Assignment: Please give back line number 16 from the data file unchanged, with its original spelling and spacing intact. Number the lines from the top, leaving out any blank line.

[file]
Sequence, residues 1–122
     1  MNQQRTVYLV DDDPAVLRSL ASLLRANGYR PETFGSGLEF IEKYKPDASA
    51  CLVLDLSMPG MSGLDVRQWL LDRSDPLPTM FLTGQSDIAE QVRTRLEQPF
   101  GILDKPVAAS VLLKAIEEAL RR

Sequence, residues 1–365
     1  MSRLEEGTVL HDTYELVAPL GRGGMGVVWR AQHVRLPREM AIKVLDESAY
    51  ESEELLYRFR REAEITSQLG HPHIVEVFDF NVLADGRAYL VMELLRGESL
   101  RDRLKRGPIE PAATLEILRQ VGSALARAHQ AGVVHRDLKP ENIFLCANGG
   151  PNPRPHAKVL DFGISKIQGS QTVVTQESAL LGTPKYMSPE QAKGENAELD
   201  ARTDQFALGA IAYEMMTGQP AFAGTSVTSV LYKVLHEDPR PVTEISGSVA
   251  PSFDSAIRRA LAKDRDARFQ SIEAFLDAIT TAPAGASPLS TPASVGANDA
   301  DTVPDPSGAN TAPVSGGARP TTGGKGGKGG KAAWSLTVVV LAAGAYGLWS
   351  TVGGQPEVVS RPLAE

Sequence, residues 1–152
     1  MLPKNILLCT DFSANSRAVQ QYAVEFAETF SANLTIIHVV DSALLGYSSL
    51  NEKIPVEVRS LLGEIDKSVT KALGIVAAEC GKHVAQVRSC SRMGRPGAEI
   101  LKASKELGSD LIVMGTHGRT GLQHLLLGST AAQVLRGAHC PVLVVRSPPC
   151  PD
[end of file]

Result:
    51  NEKIPVEVRS LLGEIDKSVT KALGIVAAEC GKHVAQVRSC SRMGRPGAEI